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Review

Bariatric Surgery for Adolescents and Young Adults: A Review of Comparative Clinical Effectiveness, Cost-Effectiveness, and Evidence-Based Guidelines [Internet]

No authors listed
Ottawa (ON): Canadian Agency for Drugs and Technologies in Health; 2016 Aug 3.
Review

Bariatric Surgery for Adolescents and Young Adults: A Review of Comparative Clinical Effectiveness, Cost-Effectiveness, and Evidence-Based Guidelines [Internet]

No authors listed.

Excerpt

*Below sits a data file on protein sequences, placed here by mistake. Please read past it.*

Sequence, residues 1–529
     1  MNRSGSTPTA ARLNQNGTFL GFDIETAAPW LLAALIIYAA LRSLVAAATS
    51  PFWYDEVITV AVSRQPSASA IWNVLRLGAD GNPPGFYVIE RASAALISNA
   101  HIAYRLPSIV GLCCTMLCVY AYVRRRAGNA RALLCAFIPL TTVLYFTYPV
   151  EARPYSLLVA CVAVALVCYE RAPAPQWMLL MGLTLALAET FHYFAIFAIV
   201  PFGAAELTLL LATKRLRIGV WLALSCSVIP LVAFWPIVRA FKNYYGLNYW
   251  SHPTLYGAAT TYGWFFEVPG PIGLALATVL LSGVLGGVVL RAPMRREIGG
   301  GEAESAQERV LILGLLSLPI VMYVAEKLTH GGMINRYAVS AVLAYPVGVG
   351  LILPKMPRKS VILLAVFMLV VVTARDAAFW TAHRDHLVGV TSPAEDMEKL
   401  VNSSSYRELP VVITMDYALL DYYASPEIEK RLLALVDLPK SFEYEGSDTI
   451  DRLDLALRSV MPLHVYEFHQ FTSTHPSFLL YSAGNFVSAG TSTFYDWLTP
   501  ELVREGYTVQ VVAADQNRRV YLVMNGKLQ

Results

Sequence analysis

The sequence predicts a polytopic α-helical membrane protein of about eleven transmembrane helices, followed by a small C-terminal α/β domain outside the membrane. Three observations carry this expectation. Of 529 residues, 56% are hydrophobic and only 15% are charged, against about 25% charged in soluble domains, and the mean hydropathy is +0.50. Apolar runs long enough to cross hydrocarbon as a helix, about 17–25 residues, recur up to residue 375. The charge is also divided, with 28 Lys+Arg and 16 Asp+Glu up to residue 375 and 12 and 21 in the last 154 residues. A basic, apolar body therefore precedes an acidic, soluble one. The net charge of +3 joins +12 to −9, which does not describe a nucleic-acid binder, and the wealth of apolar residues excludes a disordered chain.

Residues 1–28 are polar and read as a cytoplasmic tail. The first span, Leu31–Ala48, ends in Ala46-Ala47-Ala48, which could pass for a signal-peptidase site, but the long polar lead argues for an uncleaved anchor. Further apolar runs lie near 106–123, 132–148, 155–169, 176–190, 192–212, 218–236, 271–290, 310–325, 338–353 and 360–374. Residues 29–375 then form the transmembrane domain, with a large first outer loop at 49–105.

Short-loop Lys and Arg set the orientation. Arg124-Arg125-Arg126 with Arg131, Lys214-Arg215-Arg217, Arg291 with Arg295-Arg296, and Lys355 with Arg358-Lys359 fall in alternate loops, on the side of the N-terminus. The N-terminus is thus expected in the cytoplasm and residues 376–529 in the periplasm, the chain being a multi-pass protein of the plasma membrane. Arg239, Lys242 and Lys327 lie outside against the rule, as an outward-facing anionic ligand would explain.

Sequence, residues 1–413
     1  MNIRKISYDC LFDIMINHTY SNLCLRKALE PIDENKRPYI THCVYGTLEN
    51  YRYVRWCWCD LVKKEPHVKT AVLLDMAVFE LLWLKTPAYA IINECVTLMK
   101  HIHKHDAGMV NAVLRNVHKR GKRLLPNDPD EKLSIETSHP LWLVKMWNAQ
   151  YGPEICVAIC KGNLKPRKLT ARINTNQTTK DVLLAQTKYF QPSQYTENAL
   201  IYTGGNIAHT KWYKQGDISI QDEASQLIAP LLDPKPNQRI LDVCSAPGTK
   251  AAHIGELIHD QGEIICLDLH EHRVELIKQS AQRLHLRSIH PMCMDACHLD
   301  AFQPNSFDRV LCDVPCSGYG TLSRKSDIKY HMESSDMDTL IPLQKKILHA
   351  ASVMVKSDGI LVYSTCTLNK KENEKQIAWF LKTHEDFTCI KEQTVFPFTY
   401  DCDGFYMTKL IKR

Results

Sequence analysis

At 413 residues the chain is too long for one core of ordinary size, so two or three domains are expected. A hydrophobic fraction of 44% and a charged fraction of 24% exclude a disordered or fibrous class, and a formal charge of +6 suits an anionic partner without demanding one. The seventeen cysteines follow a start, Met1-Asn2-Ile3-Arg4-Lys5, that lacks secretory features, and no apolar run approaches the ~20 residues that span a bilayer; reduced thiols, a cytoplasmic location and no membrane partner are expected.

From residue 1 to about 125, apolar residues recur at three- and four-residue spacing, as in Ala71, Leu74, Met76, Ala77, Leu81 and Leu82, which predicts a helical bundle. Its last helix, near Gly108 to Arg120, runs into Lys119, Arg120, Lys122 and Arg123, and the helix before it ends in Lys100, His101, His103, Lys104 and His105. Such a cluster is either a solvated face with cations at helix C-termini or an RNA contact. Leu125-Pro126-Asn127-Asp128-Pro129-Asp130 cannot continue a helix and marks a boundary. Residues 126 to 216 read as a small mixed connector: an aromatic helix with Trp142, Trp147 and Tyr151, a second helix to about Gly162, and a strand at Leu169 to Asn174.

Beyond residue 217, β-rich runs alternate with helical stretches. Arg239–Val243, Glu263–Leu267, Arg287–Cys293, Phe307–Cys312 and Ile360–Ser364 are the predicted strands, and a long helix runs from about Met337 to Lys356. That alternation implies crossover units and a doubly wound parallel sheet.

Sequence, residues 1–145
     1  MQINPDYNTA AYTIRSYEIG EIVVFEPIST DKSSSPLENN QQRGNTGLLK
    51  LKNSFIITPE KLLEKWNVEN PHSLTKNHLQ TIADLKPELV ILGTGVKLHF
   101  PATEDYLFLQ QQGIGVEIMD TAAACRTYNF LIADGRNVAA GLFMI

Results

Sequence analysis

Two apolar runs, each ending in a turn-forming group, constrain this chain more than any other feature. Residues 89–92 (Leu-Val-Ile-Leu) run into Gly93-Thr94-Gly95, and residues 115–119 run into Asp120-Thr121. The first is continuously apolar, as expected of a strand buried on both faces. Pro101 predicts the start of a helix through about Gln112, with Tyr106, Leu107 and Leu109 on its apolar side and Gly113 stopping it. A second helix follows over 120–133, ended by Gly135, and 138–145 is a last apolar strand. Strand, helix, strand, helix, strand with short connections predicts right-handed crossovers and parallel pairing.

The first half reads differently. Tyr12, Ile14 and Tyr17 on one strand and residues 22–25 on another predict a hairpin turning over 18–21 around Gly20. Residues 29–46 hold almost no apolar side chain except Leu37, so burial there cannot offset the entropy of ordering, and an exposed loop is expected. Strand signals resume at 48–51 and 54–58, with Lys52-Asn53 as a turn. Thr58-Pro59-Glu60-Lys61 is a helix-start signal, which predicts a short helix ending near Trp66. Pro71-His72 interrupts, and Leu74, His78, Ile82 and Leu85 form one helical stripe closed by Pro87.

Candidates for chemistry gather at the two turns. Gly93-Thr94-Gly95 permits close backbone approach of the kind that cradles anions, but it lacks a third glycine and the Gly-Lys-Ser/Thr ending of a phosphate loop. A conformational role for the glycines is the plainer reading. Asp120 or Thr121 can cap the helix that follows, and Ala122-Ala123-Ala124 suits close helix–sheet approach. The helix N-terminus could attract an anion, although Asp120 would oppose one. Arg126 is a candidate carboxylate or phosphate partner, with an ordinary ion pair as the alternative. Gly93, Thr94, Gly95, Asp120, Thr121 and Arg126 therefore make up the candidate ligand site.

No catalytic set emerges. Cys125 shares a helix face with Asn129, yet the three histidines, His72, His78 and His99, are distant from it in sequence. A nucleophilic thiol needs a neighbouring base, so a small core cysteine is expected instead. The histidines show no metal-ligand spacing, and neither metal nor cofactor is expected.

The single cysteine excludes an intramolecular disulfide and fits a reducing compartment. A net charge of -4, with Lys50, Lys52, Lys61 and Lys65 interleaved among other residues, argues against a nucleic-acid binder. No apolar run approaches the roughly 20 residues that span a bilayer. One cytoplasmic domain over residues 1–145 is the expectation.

National Institute of Health and Care Excellence (NICE) guidelines from the United Kingdom (UK) and International Pediatric Endosurgery Group (IPEG) guidelines state that weight loss surgery should only be considered in exceptional circumstances for obese children, and that the child must be physically mature and have failed 6 months of multidisciplinary lifestyle intervention. Eligibility criteria are stricter for youth than for adults. That is, only severely morbidly obese or morbidly obese children with serious comorbidities that would improve with weight loss are typically considered. Also, guidelines stipulate that surgery must be carried about by a multidisciplinary team with pediatric expertise. The high rate of obesity coupled with increasing numbers of surgeries performed may increase awareness and interest in the procedure. The Canadian Institute for Health Information (CIHI) reported that from 2012 to 2013 approximately six thousand bariatric surgeries, costing $48 million CAD (excluding physician compensation and non-hospital costs), were performed in Canada; a fourfold increase over six years. The majority of evidence on obesity and bariatric surgery in Canada is based on adult populations; however, the number of younger patients interested in and undergoing surgery has grown. Bariatric surgery has been demonstrated to improve weight loss, health, and psychosocial outcomes in adolescents; however, there is limited knowledge regarding its effect relative to alternative surgical procedures or non-surgical interventions. Thus, this review seeks to assess the comparative clinical and cost-effectiveness of bariatric surgery versus viable comparators in the adolescent and young adult population, and to review current evidence-based guidelines regarding the use of bariatric surgery in the adolescent population.

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